More rapid and accurate test results may translate to better quality products
Researchers at the University of Minnesota, working in collaboration with scientists at the USDA, have used genomic information to develop tests that can rapidly detect and differentiate the bacteria that causes Johnes disease, a chronic wasting disease found in cattle and other ruminant animals such as sheep, goats and deer. This research, scheduled to be published in the Aug. 30 issue of the Proceedings of the National Academy of Sciences, also provides the foundation for a better understanding of the Johnes disease process and the design of vaccines to prevent infection.
Johnes disease is devastating to the United States dairy industry, costing about $200 million per year due to reduced milk production. Estimates indicate that the disease is present in approximately 25 percent of Minnesotas dairy herds. Because the bacterium that causes Johnes disease, Mycobacterium avium subspecies paratuberculosis, is slow growing in the laboratory, previous tests often took between 6 and 18 weeks to process. The current study shows how genomic information may be used to develop highly specific, sensitive, and rapid tests for the detection of infected animals.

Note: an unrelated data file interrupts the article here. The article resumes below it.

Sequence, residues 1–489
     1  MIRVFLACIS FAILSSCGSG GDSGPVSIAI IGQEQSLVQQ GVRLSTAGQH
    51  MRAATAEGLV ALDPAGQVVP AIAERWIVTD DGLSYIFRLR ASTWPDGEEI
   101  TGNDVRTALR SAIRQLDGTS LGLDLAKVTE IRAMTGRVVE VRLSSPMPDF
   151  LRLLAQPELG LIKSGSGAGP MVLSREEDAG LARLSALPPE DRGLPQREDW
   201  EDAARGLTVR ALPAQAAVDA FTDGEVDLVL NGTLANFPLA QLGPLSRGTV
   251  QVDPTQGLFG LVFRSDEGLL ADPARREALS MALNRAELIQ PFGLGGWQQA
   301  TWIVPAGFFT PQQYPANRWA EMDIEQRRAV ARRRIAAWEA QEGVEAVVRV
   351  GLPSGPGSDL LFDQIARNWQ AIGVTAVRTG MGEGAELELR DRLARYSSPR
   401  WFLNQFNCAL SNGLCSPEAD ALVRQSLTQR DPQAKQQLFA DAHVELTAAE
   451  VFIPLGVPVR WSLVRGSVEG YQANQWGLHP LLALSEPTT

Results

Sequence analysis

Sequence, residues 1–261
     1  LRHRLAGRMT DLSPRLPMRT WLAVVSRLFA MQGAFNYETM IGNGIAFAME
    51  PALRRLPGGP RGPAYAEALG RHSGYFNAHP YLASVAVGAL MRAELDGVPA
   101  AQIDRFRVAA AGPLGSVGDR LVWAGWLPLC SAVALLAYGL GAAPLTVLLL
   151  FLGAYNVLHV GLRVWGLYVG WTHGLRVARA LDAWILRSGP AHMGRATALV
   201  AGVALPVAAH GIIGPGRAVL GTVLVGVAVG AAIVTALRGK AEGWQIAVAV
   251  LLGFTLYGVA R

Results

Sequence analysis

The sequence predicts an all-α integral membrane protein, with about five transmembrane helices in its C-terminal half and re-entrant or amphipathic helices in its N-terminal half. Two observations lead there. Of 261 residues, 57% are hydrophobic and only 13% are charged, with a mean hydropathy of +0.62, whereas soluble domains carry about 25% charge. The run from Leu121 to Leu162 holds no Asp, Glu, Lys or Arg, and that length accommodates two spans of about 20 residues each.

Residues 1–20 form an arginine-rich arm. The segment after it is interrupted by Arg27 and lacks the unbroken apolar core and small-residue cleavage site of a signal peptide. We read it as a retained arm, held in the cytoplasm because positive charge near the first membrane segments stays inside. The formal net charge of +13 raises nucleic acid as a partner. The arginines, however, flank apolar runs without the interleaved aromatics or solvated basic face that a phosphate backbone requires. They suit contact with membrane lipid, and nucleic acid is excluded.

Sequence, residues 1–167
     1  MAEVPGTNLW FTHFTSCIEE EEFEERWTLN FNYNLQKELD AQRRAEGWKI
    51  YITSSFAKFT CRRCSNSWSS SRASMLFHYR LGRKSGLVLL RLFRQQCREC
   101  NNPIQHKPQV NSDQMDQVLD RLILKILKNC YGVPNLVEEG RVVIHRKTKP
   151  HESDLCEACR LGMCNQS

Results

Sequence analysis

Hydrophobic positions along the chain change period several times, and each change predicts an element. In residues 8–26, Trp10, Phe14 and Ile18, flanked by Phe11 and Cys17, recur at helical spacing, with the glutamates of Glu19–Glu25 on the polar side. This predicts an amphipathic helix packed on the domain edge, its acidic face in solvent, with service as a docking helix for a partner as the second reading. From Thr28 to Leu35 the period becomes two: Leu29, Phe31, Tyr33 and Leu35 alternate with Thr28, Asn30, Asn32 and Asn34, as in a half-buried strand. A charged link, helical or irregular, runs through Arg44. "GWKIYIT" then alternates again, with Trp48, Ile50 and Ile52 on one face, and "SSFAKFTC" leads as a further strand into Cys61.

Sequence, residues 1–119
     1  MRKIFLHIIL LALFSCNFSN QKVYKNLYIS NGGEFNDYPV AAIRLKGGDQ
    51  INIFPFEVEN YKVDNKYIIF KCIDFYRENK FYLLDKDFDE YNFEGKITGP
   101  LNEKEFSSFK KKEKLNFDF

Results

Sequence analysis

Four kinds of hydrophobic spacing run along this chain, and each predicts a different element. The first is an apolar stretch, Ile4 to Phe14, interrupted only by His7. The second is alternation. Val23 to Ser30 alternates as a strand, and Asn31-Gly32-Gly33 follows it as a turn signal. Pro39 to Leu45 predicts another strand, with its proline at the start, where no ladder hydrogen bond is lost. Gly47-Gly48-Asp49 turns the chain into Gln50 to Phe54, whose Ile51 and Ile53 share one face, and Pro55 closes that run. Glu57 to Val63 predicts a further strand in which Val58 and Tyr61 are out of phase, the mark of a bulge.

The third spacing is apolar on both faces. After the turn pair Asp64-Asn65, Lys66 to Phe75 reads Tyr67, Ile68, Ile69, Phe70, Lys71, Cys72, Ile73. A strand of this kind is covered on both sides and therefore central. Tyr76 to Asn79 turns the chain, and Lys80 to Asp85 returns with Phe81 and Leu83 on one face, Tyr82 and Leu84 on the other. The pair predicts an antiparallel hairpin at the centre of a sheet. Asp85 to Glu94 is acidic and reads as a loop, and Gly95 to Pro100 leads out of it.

Sara E. Buss | EurekAlert!
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Researchers from the Institute for Quantum Computing (IQC) at the University of Waterloo led the development of a new extensible wiring technique capable of controlling superconducting quantum bits, representing a significant step towards to the realization of a scalable quantum computer.
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